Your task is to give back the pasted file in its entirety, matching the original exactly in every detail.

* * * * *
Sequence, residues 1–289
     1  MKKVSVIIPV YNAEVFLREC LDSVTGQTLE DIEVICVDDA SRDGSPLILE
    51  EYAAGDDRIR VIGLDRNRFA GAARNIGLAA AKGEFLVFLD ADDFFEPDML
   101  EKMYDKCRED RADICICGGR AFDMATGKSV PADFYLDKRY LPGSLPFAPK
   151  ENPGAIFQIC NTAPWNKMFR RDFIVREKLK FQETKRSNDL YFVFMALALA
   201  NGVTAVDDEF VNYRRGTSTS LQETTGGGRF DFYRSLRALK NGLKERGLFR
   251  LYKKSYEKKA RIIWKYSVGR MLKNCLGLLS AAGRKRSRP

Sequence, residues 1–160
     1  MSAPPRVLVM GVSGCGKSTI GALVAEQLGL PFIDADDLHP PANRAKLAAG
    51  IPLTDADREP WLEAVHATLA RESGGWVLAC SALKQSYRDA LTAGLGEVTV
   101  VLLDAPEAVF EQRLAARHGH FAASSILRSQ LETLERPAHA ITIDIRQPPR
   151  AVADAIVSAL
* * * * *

Sequence, residues 1–289
     1  MKKVSVIIPV YNAEVFLREC LDSVTGQTLE DIEVICVDDA SRDGSPLILE
    51  EYAAGDDRIR VIGLDRNRFA GAARNIGLAA AKGEFLVFLD ADDFFEPDML
   101  EKMYDKCRED RADICICGGR AFDMATGKSV PADFYLDKRY LPGSLPFAPK
   151  ENPGAIFQIC NTAPWNKMFR RDFIVREKLK FQETKRSNDL YFVFMALALA
   201  NGVTAVDDEF VNYRRGTSTS LQETTGGGRF DFYRSLRALK NGLKERGLFR
   251  LYKKSYEKKA RIIWKYSVGR MLKNCLGLLS AAGRKRSRP

Sequence, residues 1–160
     1  MSAPPRVLVM GVSGCGKSTI GALVAEQLGL PFIDADDLHP PANRAKLAAG
    51  IPLTDADREP WLEAVHATLA RESGGWVLAC SALKQSYRDA LTAGLGEVTV
   101  VLLDAPEAVF EQRLAARHGH FAASSILRSQ LETLERPAHA ITIDIRQPPR
   151  AVADAIVSAL